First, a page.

The sun sets behind a construction crane showing the branding of British construction company Carillion photographed on a building site in central London on January 15, 2018, with the skyline of the British capital in the background including the London Eye and the Houses of Parliament
Closed: construction giant Carillion folded with huge debts © Daniel Sorabji/AFP/Getty

Business schools and professional training organisations are stepping up the teaching of ethics in accounting, after a series of high-profile financial scandals have highlighted audit failings.

These include the collapse of British outsourcer Carillion, fraud at German payments group Wirecard, and a corruption scandal at the Brazilian oil company Petrobras — despite all their accounts being signed off by one of the so-called “Big Four” audit firms.

At the same time, in-house management accountants face growing scrutiny over non-financial reporting amid claims of ‘greenwashing’, or the misstating of environmental credentials — as happened at the German asset manager DWS Group.  

These scandals have intensified concerns that a poorly developed approach to teaching behavioural, as opposed to technical, skills is reducing ethical standards and professional independence. Failings have included auditors not testing assumptions or the accuracy and completeness of management reports. Company directors have also been accused of prioritising their own financial rewards over transparency.

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Training organisations and academic institutions note that they are not responsible for the decisions made by their graduates, but say they do want to help restore faith in accounting.

Many are bolstering the ethics component of the accounting curriculum with practical simulations, so that students can practise making ethical decisions. Even so, some critics argue they should go further and rethink their approach, if they are to make the financial world a safer place.

Berend van der Kolk, associate professor at the School of Business and Economics of the Vrije Universiteit (VU) Amsterdam, says one reason companies present misleading figures is that teaching practices decouple ethical considerations from the technical aspects of accounting. He says ethics is usually an “add-on”. The result is that students treat ethics as an afterthought when making accounting decisions. “We need to integrate ethical considerations into core courses, to make sure students see the trade-offs between economic and moral reasoning,” says van der Kolk.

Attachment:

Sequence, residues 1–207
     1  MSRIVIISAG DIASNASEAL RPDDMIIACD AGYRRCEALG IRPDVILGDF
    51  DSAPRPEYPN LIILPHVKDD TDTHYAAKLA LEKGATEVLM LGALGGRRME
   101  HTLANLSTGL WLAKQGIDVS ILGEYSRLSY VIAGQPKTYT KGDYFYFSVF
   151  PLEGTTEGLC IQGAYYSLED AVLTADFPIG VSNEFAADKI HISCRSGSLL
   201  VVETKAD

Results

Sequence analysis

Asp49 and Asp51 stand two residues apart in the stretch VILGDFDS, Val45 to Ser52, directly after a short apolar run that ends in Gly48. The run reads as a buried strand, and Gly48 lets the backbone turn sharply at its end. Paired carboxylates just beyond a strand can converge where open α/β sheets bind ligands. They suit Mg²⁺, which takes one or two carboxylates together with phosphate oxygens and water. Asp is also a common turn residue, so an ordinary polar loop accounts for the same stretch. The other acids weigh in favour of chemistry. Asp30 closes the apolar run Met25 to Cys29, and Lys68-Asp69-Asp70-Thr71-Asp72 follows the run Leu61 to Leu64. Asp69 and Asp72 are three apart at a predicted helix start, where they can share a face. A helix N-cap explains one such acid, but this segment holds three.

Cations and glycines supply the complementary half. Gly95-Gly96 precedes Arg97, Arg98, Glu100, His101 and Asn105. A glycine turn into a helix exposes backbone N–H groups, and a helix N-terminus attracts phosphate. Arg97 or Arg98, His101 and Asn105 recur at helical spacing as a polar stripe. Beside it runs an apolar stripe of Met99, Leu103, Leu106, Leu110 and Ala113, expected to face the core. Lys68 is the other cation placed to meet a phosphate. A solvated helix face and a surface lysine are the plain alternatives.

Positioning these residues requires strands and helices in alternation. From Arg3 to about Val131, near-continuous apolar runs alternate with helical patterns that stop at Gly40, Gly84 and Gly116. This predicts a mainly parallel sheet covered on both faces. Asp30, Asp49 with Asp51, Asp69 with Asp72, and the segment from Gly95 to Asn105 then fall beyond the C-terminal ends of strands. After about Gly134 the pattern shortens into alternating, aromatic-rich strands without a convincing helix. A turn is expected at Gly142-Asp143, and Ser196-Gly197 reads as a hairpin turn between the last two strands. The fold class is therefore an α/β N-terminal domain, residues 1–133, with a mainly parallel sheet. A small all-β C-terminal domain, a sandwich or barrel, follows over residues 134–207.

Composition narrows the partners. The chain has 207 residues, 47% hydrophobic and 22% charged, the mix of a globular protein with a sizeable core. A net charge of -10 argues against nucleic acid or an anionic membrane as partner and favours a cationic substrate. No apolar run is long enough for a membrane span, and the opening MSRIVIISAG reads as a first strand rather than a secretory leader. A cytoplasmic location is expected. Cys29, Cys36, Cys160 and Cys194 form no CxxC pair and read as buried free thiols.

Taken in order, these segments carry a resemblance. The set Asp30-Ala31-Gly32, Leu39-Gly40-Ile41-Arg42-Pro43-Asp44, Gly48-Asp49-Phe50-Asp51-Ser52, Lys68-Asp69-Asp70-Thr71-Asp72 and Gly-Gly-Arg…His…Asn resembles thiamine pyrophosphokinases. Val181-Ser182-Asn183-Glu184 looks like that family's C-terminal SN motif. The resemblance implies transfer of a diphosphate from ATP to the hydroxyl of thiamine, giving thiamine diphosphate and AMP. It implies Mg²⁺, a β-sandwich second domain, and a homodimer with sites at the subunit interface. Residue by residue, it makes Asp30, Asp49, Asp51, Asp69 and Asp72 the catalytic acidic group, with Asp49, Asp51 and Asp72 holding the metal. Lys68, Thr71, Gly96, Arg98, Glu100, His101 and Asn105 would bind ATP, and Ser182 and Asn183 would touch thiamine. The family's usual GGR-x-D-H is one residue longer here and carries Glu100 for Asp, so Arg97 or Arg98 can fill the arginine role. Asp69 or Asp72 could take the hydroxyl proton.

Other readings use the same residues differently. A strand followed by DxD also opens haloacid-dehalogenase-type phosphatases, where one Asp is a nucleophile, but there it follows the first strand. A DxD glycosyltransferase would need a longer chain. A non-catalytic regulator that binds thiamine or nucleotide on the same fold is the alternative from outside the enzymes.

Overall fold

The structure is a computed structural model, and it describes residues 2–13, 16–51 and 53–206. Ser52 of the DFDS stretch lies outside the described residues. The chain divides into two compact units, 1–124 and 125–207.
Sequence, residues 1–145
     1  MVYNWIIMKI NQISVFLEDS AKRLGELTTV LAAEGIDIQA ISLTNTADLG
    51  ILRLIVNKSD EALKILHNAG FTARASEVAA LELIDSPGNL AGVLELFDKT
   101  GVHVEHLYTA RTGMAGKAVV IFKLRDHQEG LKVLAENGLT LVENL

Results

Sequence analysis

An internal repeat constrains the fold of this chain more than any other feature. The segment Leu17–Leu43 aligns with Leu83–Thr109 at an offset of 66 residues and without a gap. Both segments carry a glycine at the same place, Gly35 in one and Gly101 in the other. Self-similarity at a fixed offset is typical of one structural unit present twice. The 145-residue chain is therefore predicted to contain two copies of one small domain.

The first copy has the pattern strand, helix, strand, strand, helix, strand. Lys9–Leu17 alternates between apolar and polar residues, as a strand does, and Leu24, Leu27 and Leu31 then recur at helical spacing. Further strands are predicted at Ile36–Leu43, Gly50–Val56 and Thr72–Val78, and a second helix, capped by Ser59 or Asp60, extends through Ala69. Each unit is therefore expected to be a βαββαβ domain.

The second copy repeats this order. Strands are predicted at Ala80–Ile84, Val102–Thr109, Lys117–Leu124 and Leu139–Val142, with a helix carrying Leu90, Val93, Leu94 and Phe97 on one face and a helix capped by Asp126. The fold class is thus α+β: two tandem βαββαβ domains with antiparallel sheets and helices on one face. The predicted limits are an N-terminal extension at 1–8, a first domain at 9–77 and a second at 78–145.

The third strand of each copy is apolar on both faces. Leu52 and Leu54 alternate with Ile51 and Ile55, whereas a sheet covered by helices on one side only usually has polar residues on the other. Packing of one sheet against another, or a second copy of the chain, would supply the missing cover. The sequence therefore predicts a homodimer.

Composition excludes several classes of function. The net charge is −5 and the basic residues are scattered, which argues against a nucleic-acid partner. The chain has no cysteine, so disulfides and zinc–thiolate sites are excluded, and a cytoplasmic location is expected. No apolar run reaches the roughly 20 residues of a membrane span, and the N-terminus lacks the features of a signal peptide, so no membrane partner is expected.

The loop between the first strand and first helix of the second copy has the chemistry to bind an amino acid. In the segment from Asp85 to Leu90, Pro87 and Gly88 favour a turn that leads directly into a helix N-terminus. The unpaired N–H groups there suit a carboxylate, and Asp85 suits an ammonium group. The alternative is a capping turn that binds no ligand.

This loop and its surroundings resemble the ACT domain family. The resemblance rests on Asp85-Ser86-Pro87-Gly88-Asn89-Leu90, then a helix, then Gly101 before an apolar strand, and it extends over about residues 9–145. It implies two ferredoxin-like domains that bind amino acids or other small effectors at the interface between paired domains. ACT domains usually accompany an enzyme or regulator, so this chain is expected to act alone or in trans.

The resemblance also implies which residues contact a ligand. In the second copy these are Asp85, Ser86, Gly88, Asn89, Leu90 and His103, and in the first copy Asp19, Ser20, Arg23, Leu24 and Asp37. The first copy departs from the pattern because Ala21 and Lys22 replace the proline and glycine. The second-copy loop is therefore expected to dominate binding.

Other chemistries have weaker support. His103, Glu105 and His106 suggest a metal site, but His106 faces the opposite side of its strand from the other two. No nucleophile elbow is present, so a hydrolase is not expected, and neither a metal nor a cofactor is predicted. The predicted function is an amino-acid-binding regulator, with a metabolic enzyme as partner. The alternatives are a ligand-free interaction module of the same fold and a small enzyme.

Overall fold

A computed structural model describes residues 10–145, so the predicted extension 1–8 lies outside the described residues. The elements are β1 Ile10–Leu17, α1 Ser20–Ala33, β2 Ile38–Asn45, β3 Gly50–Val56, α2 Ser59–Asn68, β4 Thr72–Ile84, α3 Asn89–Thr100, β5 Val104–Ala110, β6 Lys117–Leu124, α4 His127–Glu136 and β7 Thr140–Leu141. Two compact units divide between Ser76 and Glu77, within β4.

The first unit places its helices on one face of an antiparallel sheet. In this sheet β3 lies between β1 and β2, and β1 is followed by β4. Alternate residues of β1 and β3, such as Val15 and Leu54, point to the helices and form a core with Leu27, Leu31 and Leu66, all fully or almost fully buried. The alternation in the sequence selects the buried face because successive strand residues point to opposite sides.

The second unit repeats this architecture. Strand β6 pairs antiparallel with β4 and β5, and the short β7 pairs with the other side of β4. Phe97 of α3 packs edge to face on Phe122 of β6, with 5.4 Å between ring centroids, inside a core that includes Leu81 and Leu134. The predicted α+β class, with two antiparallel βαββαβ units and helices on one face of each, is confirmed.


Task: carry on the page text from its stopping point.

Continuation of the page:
Following the recent scandals, regulators plan to revamp UK auditing and corporate governance by making company directors more responsible for internal controls and requiring the Big Four to share audits with smaller firms.

But the regulation of behaviour is “the missing element”, says Giulia Redigolo, assistant professor of accounting at Esade Business School in Barcelona — underlining an opportunity for training providers to fill the vacuum.

“We need to reshape and reimagine the education that we are offering in business school”, she says, adding that this can mean taking an interdisciplinary approach and applying social psychology. For example, Redigolo says students must be aware of the corporate cultures and equity incentives linked to accounting measures that can lead to unethical behaviour.

“Business schools often prioritise performance over purpose,” she points out. “We need to offer a more nuanced definition of success that is not only about profitability and personal gain, it is also about the impact on stakeholders and the environment.”

New York University’s Stern School of Business has offered the Professional Responsibility course since 1994. It used to focus on the regulatory and legal requirements of business but now explores its role in society, too.

“It is difficult, today, to teach accounting as a technical discipline without exploring the underlying assumptions about what is perceived to be financially material,” says adjunct instructor Alison Taylor, referring to pressure on companies to share non-financial data.

She adds that accounting students have been a powerful driver of the shift to a more holistic teaching of ethics. “We recently had some partners from a Big Four accounting firm in our office who were extremely anxious about young recruits grilling them about why they were working for oil and gas firms but, also, how they treat financial value.”

Students now want hands-on tactics they can apply at work. As part of the ACCA accountancy qualification (provided by the Association of Chartered Certified Accountants), candidates take an interactive online module that tests their responses to ethical dilemmas.

“Rather than being able to recite the code of ethics and conduct, everyone must be able to apply the theory,” says Helen Brand, ACCA chief executive.

The professional body is “unbundling” its content so businesses can ensure the ongoing professional development of their ACCA-qualified staff.

Demand is high for short courses on sustainability reporting, too, following allegations of corporate greenwashing. ACCA is placing a greater emphasis on “digital ethics” as well, including data privacy, as accountants automate routine processes.

Privately, some academic institutions cite a tension between the need to teach “soft” behavioural skills alongside “hard” technical abilities when there is limited space in the curriculum. However, Brand warns: “The ethics and professionalism piece is something we would never dilute to fit into another module of some technical nature.”

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